Recoveryism 101 (Part 1)
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Racism, dogmatism, and sexism are the judgments that one race, set of beliefs, or sex are superior. Today we define and discuss “recoveryism:” the judgment that one approach to recovery is superior to all others. It can even go to the extreme: there is only ONE approach to recovery. Any other “approach” is just pseudo-recovery. Individuals who try these pseudo-recoveries will not recover until they are finally “enlightened” and seek the one true way.
Why are recovery options so often framed in categories of superiority and inferiority? What is the source of this need to declare one’s own particular brand of recovery as THE path to recovery and to consider it blasphemous to suggest anything less? One option to consider is that this propensity comes from the intrapersonal wounds to self that accompany addiction and the stain on self that indelibly marks the social stigma attached to addiction and recovery.
Stigma is a process of social shunning through which one’s personal identity and humanity are lost due to one’s membership in a socially discredited group. Unfavorable traits culturally attributed to the discredited group forge a pervasive sense of shame and unworthiness and a sense of being imprisoned by stereotype and caricature. In the quest to redeem their spoiled identity, there are many strategies commonly employed:
- Attempting to hide one’s stigmatized status
- Living one’s life within the cocoon of the stigmatized social group, claiming and reframing stigmatizing labels as badges of in-group status
- Becoming a “professional-ex” (making a career representing one’s group to the larger society)
- Framing one’s stigmatized condition as a gift that has taught one how to live in a far superior fashion than “normals.”
In 1951, philosopher Eric Hoffer observed: “Faith in a holy cause is to a considerable extent a substitute for the lost faith in ourselves. The less justified a man is in claiming excellence for his own self, the more ready is he to claim all excellence for his nation, his religion, his race or his holy cause” [or his or her particular style of recovery]. Author Herman Melville similarly opined: “There is something in us, somehow, that, in the most degraded condition, we snatch at a chance to deceive ourselves into a fancied superiority to others, whom we suppose lower in the scale than ourselves”. Hoffer and Melville offer insight into how people in addiction recovery have sought to manage social stigma and how this could potentially be played out in their relationships with one another.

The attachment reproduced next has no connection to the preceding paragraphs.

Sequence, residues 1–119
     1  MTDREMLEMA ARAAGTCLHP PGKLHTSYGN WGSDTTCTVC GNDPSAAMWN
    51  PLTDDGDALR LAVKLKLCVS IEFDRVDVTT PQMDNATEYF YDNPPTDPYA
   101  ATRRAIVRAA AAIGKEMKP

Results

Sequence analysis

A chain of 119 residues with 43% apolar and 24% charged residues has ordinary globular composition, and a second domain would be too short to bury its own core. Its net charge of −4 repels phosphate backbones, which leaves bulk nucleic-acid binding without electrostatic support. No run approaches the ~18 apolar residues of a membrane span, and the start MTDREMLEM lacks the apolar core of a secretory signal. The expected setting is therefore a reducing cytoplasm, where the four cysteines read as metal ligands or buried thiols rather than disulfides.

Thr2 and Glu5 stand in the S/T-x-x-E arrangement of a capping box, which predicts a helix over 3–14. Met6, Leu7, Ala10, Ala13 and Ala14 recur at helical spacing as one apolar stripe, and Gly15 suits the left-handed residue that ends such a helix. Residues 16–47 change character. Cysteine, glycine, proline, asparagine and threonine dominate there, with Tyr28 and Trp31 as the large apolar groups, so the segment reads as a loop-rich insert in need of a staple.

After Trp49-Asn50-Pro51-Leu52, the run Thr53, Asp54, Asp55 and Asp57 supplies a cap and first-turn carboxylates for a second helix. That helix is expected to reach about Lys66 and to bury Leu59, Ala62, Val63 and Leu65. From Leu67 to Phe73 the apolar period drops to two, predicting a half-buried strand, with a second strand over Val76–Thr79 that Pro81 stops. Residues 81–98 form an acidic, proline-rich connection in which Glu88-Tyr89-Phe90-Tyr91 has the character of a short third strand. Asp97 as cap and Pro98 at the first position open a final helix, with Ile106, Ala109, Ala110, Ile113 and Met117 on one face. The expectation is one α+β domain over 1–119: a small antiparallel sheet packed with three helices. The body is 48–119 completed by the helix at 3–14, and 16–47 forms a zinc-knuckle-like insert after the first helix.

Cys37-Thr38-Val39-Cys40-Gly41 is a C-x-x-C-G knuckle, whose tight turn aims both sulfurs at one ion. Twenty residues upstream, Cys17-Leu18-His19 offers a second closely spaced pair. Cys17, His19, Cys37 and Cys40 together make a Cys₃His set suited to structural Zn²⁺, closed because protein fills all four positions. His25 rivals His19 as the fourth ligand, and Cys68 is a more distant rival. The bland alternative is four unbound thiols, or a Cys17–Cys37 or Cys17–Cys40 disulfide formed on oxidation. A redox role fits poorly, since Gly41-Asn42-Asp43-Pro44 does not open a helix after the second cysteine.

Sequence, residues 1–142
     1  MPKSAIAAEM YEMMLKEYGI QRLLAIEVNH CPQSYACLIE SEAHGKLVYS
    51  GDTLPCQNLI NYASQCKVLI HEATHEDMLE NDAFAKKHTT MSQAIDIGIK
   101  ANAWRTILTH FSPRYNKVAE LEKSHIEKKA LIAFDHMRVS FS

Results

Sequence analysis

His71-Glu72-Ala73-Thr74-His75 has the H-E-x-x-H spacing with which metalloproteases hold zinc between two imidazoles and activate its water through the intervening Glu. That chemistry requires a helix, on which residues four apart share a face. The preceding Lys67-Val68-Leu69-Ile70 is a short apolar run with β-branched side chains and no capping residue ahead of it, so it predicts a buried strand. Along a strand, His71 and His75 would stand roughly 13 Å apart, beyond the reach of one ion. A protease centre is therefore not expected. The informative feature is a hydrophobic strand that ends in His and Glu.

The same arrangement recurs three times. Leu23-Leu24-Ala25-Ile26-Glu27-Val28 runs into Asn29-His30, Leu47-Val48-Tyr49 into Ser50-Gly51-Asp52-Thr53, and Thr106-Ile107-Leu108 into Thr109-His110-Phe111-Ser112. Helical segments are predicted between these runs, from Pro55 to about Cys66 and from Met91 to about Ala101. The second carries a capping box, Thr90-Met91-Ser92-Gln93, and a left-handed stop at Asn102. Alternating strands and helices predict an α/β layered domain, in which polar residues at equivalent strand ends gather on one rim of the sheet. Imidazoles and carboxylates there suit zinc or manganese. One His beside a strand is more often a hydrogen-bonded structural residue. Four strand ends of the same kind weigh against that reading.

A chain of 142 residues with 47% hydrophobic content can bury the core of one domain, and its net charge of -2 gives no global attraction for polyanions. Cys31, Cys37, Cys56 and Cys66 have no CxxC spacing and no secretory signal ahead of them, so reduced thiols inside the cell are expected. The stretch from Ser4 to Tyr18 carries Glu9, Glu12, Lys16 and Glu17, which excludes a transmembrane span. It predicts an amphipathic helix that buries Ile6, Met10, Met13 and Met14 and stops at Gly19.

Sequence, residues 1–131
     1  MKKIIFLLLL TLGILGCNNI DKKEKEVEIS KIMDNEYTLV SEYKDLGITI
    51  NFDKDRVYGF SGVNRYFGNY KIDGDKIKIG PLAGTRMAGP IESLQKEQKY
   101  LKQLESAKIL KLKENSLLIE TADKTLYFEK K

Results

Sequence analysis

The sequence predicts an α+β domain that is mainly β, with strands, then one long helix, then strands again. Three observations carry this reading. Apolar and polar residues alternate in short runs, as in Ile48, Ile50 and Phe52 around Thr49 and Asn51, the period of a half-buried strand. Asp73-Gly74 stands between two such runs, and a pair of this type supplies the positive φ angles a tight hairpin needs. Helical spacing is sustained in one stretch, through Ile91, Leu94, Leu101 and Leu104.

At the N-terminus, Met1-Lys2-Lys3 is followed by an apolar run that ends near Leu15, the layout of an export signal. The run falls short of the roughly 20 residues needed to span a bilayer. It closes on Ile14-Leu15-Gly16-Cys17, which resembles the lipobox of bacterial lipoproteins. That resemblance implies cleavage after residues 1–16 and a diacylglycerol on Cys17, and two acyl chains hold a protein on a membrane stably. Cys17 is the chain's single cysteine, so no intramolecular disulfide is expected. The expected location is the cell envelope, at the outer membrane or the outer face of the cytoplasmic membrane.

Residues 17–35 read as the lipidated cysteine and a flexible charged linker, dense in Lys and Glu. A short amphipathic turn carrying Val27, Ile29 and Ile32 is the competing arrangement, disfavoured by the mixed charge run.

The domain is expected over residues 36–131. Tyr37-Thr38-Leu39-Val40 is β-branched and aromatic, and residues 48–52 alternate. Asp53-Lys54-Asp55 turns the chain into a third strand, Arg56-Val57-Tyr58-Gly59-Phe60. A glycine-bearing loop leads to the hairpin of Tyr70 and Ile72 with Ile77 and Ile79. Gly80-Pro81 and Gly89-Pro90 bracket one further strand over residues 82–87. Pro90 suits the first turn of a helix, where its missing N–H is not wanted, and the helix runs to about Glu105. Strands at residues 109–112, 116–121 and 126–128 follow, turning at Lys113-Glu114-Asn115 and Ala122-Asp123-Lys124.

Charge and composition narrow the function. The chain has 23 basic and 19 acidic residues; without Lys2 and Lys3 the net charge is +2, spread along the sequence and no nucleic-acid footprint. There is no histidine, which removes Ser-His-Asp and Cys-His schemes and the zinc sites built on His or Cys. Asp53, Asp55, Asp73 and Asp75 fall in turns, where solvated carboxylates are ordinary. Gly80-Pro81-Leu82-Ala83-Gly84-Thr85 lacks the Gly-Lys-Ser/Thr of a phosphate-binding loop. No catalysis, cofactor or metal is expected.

Stigma is a form of psychological and social violence that elicits violence in kind as the oppressed mimic their oppressor. In the extreme, if you teach a people to hate themselves, you do not have to kill them; they will kill each other. Thus in active addiction, we see addicts preying on each other, and in recovery we see conflict within and between organized approaches to recovery support and addiction treatment.
There is a healthy place within the recovery experience for self-satisfaction of one’s achievement, but there is a line one can cross into the realm of self-pride, arrogance, and intolerance – a stance of “my way is the only way.” This latter stance infuses recovery with the distorted thinking and character excesses of active addiction and represents an immature way we act out our damaged selves in our relationships with each other. It also represents a form of bigotry that mirrors the current paralyzing political wars in the U.S. and the violent religious and cultural clashes that seem to be tearing our world apart.
Another very important element in the equation are the families and community. What often scares families in crisis is that they have lost confidence in their loved one’s capacity to make wise choices given their addictive choices. However, there is no eliminating choice in recovery. If we don’t allow those in need to choose their own new path, it won’t be long before they are annoyed and angry, and choosing their old path.
If recoveryism is to end we need to 1) make information about the full diversity of recovery options available to all who need it and then 2) allow them to choose among them. More precisely, we need to support individuals in crafting their own unique recovery paths. There exists as much diversity in recovery paths as exists among individuals.
For now we can support the end of recoveryism by stopping any effort to say what recovery cannot be. We need to focus instead on what recovery might be. If an approach is showing some success, rather than suggest that disaster is just around the corner, let’s support what seems to be working. The recovery approach can be modified over time, and indeed is likely to be. This open-minded perspective is more likely than a rigid one to help individuals make changes sooner rather than later. Let’s just say Yes to recovery.
Next Week: Recoveryism 101 pt. 2: There ARE objective criteria by which pathways of recovery can be assessed.